Exacerbating this long standing tension is the recent elections in France. Under pressure from the French working class, which is also moving to oppose further austerity, a new Socialist regime has just come to power under newly elected President Francois Hollande. While not going as far as Syriza leader Tsipras in rejecting austerity outright, he is committed to the idea of encouraging economic growth as a means of resolving the deficit crises. In other words, he is moving towards a classic Kenyesian approach of government spending.
This is anathema to much of German capitalism because of the hyper inflation it experienced leading up to WW II.
On top of this, German capitalism sees itself as being the singular leader of Western European capitalism. It does not want any authority that can challenge this potential. A strengthened European Commission could potentially be such a challenge. For both these reasons, the French regime is leading the way in calling for increased fiscal powers for the European Commission and the European Central Bank. Among other things, they are calling for new means under which the stronger national economies would share the risk of the weaker ones (by pooled bonds, for instance). And Germany is strongly resisting just such measures.
The growing crisis is increasing exactly the nationalism that the entire European Union project was meant to combat. For instance, the Italian bank UniCredit has recently been withdrawing funds from its German subsidiary to shore up its home base in Italy. German bank regulators are now objecting to this and are moving to regulate this subsidiary, which step would be in violation of EU rules. But who cares about rules when national economic interests are at stake? Meanwhile, some of the weak states are pressing for joint financial debt risk, which Germany is strongly resisting.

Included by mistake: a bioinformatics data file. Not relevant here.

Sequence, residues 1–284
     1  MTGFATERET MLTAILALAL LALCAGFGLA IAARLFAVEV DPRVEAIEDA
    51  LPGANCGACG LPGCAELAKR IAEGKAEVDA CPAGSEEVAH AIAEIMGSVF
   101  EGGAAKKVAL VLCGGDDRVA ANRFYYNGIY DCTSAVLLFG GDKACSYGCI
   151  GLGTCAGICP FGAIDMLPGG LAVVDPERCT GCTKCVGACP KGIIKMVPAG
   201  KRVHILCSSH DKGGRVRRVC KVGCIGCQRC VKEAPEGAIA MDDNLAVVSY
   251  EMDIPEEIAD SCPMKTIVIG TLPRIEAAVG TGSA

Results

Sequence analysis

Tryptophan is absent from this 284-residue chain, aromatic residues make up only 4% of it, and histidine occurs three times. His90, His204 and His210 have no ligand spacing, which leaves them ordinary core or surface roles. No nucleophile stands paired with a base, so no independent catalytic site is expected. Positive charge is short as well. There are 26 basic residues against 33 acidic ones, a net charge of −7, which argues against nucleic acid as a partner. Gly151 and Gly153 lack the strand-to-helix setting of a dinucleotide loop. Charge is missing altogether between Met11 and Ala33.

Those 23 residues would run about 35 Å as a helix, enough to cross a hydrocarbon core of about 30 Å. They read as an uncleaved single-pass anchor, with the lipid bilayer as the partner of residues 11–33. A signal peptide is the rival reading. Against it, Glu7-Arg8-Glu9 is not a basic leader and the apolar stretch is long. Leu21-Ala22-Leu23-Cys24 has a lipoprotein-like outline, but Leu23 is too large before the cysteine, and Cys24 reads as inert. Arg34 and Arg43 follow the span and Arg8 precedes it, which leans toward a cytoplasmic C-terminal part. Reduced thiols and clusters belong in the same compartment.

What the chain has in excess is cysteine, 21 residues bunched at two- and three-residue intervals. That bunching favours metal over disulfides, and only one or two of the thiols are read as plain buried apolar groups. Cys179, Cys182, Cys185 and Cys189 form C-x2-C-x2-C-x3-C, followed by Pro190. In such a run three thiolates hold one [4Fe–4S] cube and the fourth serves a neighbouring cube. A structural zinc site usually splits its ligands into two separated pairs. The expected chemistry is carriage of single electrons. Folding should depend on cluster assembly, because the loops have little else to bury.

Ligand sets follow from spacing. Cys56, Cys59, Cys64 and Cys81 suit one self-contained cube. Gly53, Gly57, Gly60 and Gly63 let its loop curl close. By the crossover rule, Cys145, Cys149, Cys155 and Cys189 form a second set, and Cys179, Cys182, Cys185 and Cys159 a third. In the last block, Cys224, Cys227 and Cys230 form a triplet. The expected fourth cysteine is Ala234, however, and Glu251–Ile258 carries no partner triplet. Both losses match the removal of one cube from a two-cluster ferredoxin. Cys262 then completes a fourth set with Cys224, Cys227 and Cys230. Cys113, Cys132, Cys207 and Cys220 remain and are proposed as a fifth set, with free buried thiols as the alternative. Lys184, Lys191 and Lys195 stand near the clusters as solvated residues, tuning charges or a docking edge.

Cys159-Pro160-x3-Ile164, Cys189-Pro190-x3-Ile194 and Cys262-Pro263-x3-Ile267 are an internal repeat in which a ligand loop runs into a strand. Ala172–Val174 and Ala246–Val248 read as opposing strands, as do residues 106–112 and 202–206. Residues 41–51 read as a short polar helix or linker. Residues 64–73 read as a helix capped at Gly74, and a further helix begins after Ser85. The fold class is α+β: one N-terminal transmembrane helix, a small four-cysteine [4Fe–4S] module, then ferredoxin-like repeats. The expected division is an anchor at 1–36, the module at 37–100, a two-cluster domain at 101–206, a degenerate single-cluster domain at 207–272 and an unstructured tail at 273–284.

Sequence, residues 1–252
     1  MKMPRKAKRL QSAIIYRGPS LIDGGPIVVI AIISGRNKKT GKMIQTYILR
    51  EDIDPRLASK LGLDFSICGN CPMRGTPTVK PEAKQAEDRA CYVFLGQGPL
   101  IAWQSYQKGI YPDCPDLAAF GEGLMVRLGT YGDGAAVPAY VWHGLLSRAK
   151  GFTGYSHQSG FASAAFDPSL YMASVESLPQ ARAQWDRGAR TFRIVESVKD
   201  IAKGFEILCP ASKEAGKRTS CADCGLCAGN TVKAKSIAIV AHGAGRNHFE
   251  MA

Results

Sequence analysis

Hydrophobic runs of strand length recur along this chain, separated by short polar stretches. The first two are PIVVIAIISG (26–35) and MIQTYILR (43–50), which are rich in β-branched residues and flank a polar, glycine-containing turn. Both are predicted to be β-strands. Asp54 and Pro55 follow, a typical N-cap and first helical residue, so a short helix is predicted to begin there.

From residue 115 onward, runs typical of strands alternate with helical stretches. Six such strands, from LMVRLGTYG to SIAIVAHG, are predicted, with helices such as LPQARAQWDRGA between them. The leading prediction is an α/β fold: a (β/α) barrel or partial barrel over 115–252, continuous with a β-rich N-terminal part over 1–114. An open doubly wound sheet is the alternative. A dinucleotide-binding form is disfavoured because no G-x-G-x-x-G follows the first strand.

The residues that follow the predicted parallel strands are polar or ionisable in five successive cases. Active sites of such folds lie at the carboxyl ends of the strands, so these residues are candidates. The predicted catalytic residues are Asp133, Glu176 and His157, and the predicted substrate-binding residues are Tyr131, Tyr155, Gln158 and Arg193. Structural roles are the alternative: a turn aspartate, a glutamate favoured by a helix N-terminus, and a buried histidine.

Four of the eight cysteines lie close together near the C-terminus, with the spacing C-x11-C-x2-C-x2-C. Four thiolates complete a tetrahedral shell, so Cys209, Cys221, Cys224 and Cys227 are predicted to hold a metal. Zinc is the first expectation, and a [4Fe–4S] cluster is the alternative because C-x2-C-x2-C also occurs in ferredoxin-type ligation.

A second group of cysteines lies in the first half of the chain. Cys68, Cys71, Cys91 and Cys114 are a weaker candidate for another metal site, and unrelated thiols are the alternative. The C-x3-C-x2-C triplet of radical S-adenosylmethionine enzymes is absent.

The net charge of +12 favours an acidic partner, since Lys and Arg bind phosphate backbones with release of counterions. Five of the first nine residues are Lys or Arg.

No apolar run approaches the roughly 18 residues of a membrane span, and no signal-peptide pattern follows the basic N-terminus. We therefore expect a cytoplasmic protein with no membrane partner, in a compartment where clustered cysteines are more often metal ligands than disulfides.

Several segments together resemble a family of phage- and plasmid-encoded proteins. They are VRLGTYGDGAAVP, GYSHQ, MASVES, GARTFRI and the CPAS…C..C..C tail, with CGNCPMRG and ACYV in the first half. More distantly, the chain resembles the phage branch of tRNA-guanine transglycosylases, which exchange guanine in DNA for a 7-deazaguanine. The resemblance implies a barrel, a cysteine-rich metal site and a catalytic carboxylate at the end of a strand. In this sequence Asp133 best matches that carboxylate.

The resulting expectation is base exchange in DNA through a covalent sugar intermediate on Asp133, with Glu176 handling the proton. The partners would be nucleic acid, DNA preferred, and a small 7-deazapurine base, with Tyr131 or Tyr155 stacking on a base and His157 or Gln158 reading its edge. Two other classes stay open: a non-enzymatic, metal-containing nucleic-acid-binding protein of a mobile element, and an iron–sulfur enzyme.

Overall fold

Breakup or Increased Consolidation?
Which way will it go — increased consolidation of power in the European Commission and an increased role for the European Central Bank, or the departure from the euro of Greece, most likely followed by other weaker nations and then a possible break up of the euro entirely?
The breakup of the euro zone would be an economic disaster, including for Germany, 42% of whose exports go to euro zone nations. But increased consolidation would force German capital to pay for the increased risk of the weaker euro zone nations. It would weaken the role of the German state both domestically and within the EC as a whole. In addition, it would seem that it would increase the pull of the far right (possibly fascist) nationalist forces such as le Penn’s National Front in France and Greece’s New Dawn party. On the other hand, further consolidation of power in the European Commission and the European Central Bank would only mean that the tensions are further compressed, only to burst out even more explosively at some future time.